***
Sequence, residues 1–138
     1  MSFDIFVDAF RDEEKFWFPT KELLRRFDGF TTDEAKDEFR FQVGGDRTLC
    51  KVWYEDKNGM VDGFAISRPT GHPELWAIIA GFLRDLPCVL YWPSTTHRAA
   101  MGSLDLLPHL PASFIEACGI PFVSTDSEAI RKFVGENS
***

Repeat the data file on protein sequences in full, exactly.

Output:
Sequence, residues 1–138
     1  MSFDIFVDAF RDEEKFWFPT KELLRRFDGF TTDEAKDEFR FQVGGDRTLC
    51  KVWYEDKNGM VDGFAISRPT GHPELWAIIA GFLRDLPCVL YWPSTTHRAA
   101  MGSLDLLPHL PASFIEACGI PFVSTDSEAI RKFVGENS